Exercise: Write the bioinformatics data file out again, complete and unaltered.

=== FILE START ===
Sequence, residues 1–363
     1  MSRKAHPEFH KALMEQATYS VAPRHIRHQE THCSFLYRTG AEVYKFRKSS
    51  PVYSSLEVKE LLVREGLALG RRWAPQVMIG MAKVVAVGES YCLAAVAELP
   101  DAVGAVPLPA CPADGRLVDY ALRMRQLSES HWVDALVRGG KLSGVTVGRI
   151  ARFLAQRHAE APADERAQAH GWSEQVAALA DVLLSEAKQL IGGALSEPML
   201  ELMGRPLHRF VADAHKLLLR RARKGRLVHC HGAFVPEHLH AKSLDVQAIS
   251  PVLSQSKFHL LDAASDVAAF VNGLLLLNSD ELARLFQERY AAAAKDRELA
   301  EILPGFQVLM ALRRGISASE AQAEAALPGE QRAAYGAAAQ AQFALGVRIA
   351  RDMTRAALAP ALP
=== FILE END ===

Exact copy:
Sequence, residues 1–363
     1  MSRKAHPEFH KALMEQATYS VAPRHIRHQE THCSFLYRTG AEVYKFRKSS
    51  PVYSSLEVKE LLVREGLALG RRWAPQVMIG MAKVVAVGES YCLAAVAELP
   101  DAVGAVPLPA CPADGRLVDY ALRMRQLSES HWVDALVRGG KLSGVTVGRI
   151  ARFLAQRHAE APADERAQAH GWSEQVAALA DVLLSEAKQL IGGALSEPML
   201  ELMGRPLHRF VADAHKLLLR RARKGRLVHC HGAFVPEHLH AKSLDVQAIS
   251  PVLSQSKFHL LDAASDVAAF VNGLLLLNSD ELARLFQERY AAAAKDRELA
   301  EILPGFQVLM ALRRGISASE AQAEAALPGE QRAAYGAAAQ AQFALGVRIA
   351  RDMTRAALAP ALP